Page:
Copyright © 2002, 2006 by Harold Melton, KV5R. All Rights Reserved.
Watertight Entry Assemblies
This assumes your rig is near a window, and you know how to replace a window pane with plastic. I used a window because my trailer-home has metal siding. If your walls are nonmetallic, you can, of course, go through with long threaded brass rods. This may be easier than replacing a windowpane with polycarbonate.
Remove and disassemble the windowpane. Measure the glass, then discard and replace with polycarbonate of the same thickness. Many hardware stores carry small pieces, and one shouldn’t cost over a few dollars. Cut the new plastic pane to the exact dimensions of the removed glass. Reassemble the window.
Plastic sheet is best cut with a circular, table, or radial-arm saw, using an 80-tooth finish blade (hollow-ground or carbide — do not use a “set-tooth” blade) and cool with a little trickle of water. Don’t use a jigsaw, as they just make too much heat. Apply masking tape to avoid scratches during cutting. You may be able to find a store with a commercial panel cutter that will do this for you, and save all the mess and trouble. Take exact dimensions.
Note: It is possible, with a special bit, to drill glass. Don’t! If a big storm comes along and a tree limb falls on your ladder-line, it’ll probably rip out the window glass - not exactly desirable, particularly during a storm…
Fabricate the feed-through assemblies using 10-32 brass hardware as shown in Figure 2. You’ll need (2) 10-32 x 1½ screws, 10 nuts, 4 brass washers, and 4 flat rubber sink faucet washers (as seals). Drill the two holes through the window, spaced the same width as your ladder-line. Attach the ladder-line on each end using soldered ring lugs. Split the rings open with wire cutters, place over the outside end of screws, then close the rings and tighten the nuts. Cover outside connections with Coax-Seal (see mine corroding?).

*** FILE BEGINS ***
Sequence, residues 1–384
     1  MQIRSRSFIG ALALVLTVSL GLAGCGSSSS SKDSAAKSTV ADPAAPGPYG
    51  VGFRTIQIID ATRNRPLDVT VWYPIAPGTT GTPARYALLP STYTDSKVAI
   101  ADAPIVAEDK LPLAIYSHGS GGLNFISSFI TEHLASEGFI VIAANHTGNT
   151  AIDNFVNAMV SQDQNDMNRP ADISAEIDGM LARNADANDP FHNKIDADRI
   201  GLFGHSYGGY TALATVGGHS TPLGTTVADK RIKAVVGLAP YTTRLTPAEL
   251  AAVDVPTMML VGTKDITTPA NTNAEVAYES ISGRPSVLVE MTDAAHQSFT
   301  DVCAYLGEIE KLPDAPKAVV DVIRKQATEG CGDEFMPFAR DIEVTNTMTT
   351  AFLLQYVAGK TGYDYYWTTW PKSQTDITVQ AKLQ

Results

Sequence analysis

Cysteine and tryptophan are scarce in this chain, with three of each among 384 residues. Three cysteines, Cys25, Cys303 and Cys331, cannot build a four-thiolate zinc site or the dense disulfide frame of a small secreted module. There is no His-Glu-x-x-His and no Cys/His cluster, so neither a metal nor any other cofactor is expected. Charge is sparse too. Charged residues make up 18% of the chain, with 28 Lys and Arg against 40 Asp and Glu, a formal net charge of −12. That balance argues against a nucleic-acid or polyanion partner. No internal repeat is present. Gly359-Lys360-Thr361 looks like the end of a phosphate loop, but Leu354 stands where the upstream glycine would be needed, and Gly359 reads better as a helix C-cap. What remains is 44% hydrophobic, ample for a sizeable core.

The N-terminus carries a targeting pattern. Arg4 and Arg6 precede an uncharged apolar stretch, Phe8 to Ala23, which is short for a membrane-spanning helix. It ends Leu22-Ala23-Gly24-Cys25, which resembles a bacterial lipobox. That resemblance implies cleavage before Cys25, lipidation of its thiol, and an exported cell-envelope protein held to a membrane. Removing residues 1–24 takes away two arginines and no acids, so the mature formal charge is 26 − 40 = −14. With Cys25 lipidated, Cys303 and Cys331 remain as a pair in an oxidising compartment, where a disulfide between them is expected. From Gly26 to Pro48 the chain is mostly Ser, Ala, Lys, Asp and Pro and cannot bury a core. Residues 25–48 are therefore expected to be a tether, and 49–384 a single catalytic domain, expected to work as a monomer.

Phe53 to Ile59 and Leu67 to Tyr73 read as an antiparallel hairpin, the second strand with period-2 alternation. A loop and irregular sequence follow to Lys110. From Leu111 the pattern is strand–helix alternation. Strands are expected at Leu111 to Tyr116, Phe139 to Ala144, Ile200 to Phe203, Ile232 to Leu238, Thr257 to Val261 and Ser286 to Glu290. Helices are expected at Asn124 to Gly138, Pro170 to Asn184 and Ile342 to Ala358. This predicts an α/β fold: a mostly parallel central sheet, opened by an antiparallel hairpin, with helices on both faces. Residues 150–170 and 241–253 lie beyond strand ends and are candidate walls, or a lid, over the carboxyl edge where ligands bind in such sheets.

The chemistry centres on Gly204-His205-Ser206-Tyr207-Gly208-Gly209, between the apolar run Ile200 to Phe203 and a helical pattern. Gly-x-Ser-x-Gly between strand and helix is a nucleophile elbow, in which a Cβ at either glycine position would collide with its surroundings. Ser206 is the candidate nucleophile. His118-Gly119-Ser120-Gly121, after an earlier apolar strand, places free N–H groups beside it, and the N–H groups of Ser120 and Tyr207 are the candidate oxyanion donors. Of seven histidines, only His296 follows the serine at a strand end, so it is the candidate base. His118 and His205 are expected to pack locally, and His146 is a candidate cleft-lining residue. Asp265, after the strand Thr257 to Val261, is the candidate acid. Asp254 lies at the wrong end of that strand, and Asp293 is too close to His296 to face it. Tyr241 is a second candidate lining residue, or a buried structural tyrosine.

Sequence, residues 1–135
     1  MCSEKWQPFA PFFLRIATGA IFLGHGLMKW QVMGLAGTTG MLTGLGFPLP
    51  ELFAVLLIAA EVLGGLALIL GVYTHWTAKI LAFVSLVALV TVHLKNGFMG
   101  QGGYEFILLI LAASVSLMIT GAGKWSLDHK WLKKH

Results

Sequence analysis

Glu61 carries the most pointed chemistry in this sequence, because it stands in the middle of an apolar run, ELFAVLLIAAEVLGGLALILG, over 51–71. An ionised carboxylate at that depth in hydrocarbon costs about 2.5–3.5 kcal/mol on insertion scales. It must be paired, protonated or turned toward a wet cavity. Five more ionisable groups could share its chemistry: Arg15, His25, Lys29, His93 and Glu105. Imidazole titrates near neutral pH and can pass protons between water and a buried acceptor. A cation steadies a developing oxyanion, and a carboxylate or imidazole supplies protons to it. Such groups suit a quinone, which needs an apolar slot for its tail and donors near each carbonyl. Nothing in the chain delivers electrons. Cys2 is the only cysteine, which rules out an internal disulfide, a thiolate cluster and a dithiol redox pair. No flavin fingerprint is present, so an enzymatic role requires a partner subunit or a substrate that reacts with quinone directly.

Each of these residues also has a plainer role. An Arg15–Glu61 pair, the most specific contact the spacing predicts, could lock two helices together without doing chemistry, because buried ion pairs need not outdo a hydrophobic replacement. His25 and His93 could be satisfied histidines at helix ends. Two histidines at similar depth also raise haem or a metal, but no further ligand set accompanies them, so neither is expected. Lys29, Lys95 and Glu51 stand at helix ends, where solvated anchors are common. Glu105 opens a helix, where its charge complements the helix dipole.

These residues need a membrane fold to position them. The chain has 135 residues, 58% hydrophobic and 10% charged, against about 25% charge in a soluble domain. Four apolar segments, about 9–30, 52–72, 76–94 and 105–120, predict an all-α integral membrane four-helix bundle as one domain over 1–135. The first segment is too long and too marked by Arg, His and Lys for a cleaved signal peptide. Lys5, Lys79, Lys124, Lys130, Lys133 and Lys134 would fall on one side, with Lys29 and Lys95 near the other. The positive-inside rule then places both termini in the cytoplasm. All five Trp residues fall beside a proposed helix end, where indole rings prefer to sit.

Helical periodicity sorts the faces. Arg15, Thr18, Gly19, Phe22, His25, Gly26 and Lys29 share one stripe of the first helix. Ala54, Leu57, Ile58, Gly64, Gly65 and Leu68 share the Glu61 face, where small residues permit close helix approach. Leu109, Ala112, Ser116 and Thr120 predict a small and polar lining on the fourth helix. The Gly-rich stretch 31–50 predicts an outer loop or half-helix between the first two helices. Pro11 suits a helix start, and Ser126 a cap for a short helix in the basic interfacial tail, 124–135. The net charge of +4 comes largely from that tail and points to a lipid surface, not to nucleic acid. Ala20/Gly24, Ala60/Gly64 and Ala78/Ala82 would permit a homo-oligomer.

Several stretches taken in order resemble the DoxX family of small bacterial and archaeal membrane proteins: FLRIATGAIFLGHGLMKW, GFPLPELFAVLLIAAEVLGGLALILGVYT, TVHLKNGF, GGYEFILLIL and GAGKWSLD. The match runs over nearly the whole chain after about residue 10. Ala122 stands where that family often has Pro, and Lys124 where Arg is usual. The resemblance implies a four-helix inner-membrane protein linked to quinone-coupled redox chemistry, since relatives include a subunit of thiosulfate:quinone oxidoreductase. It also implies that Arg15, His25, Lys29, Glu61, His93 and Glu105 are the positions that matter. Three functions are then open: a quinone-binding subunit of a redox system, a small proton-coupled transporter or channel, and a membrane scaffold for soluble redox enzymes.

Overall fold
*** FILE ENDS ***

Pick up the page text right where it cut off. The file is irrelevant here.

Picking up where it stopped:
If you’d rather go through a wall (nonmetallic houses), get the appropriate lengths of small brass all-thread rod, and the same length of Tygon tubing (the thick-walled variety) to slip over and insulate the rods. Then get the appropriate extra-long drill bit (carbide-tipped for brick, if needed). Don’t drill into a pipe or electrical wire! Drill the holes through the wall and insert the Tygon-insulated rods. Put double nuts and washers on each end. Caulk the outside entry points. Solder ring-lugs to the feedline and jumper. Grease the rings. Install and tighten. Waterproof the outside ends with silicone caulk or Coax-Seal. You’ll then have a permanent ladder-line entry that’ll last as long as your house.
Many people seem to miss the KISS principle. You can take a 1-by-4, cut to the width of your window, paint it with exterior house paint, wrap its edges with foam weather-stripping, put it in a window and close the window on it. Then cut a length of parting stop (door molding) to use as a jamb-stick to lock the window down against it. Then you can drill it to your heart’s content and bring in all kinds of cables, all without drilling your house. Works great for renters.
The Quick-Disconnect Jumper
The short jumper on the inside goes from the feed-through bolts to the balanced output of the antenna tuner. Solder banana jacks onto the line and just plug them in. When thunder is heard, jerk them out and bend the line well away from equipment. This is a lot faster and neater than using the cross-bores in the binding posts, and will encourage you to disconnect at every sound of thunder. However, the bananas might not handle the high current of QRO operation. Since I run barefoot, this is not a problem. A good old-fashioned double-pole knife switch is an even better option - and they look so cool!
Please see 80-Meter Doublet in the 2018 section. Lots of pictures!
— End —
Thank you for the practical information on ladder line – really nice to have all the hype dispelled!
I am putting up a store-bought ZS6BKW 80m-6m antenna (92’ long) and part of the design of the antenna is that the 450 ohm ladder line drop section is a certain length (41’). This line is then terminated with a 1-1 balun in the antenna I have (although the antenna designer says that this balun is not necessary and that a coax feed can be attached directly to the end of the ladder line section). The distance from this balun to my transmitter is then around 55’. My question is does the length of coax cable make any difference in this situation, especially as I would prefer to use the antenna without the use of a tuner? I currently use a 100w transmitter but am restoring a Kenwood TL992A linear amp, so will be using significantly more in the future. I read somewhere that the coax should be at least 70’ long but this hobby is rife with tribal knowledge, so your advice would be sincerely appreciated.